Men, Lead Out In Prayer!

“I desire then that in every place the men should pray, lifting holy hands without anger or quarreling;” (1 Ti 2:8)

According to Paul, men are to put away petty differences and anger. Instead of fighting, they are to pray with one another. Paul gives this command to the men instead of the women because as one commentator says,

“As a general rule, men are more likely to agitate the church…they are critical and competitive. They tend to argue first and listen later. They would rather be right than be reconciled. They get angry when they don’t get their way. So the Bible reminds Christian men not to fight.”[1]

Competitive and Dominate

Men, you know this is true. Being competitive and dominate is what comes naturally. When we don’t win or come out on top, we are more likely to get angry and fight with one another. As Christian men, however, we aren’t supposed to fight and burst out in anger at one another. Instead, as Paul tells us, we are to be spiritual leaders, who lead out in prayer.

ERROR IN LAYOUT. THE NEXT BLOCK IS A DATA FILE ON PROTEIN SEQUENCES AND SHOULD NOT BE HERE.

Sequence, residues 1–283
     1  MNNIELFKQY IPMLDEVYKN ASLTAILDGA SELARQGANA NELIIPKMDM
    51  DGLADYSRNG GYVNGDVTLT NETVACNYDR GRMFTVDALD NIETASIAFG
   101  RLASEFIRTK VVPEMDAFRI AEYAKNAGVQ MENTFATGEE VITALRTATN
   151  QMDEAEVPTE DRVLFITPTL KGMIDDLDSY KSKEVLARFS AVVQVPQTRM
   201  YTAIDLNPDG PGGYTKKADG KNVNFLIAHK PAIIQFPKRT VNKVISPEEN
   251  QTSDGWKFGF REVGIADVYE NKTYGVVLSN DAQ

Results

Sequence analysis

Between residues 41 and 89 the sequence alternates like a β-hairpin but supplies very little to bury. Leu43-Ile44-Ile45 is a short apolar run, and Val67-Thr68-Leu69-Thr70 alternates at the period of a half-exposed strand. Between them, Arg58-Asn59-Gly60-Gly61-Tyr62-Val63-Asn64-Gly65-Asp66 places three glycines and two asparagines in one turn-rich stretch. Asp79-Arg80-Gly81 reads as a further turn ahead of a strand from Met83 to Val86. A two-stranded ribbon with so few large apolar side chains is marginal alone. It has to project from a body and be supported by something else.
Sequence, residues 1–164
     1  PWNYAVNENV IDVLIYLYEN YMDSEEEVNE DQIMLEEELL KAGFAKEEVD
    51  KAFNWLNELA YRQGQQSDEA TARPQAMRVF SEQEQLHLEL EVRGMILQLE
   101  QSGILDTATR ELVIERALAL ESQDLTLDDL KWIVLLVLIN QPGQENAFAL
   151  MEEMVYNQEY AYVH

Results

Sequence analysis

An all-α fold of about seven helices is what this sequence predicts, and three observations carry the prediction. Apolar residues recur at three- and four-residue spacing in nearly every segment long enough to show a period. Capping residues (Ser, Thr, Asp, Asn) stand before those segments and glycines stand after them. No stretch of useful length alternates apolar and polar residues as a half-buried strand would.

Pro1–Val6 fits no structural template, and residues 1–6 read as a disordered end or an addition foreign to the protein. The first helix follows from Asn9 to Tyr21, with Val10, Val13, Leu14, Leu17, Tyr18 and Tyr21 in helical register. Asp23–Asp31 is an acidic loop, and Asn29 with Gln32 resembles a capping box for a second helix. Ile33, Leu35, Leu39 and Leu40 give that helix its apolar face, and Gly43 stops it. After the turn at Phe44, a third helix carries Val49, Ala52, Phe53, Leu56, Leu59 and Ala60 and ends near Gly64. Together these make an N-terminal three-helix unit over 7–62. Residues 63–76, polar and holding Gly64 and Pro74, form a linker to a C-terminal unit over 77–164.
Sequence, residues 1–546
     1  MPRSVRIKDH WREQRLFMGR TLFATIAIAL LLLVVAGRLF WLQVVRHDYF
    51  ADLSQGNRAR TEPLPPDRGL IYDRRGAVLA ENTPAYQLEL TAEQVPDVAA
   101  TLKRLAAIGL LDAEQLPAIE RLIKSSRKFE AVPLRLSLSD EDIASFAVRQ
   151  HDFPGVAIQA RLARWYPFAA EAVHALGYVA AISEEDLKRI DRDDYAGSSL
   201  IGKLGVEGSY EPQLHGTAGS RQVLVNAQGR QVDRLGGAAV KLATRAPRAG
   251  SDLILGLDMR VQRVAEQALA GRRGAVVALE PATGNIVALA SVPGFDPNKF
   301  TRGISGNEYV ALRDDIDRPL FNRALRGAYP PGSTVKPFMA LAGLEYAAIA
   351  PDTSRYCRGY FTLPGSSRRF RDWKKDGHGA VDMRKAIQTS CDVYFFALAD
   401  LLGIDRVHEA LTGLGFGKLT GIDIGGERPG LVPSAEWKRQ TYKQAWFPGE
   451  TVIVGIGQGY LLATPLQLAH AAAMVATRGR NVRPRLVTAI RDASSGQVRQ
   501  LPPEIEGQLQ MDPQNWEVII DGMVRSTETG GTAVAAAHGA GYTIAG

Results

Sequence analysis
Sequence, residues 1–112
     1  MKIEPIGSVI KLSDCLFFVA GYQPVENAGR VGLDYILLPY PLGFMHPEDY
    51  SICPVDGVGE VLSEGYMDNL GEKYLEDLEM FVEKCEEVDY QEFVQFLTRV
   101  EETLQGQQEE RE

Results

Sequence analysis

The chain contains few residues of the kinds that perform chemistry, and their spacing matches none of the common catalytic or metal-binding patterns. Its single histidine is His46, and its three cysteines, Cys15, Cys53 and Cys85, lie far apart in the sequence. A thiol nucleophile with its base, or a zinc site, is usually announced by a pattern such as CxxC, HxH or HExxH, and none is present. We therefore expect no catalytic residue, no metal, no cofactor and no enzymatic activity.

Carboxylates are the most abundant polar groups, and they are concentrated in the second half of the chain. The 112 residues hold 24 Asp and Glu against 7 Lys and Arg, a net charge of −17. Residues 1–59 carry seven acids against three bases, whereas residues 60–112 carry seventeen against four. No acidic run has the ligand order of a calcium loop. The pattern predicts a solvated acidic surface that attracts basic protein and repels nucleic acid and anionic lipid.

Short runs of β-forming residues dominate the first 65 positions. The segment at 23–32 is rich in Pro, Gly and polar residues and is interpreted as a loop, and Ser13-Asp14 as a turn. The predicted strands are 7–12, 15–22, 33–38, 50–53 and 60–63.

Freed by the Gospel

While being a spiritual leader who leads out in prayer might be difficult and unnatural, it’s possible because the gospel has changed us. It has freed us to love others more than ourselves, to forgive and let go, to lift others up and work alongside them.

What the Church and Country Needs

Honestly, prayer is what the church needs. It especially needs men who are willing to lead spiritually, and specifically, to lead in the area of prayer. Men, we can’t abdicate our responsibility any longer to the women in the church. We must lead as God has called us to lead.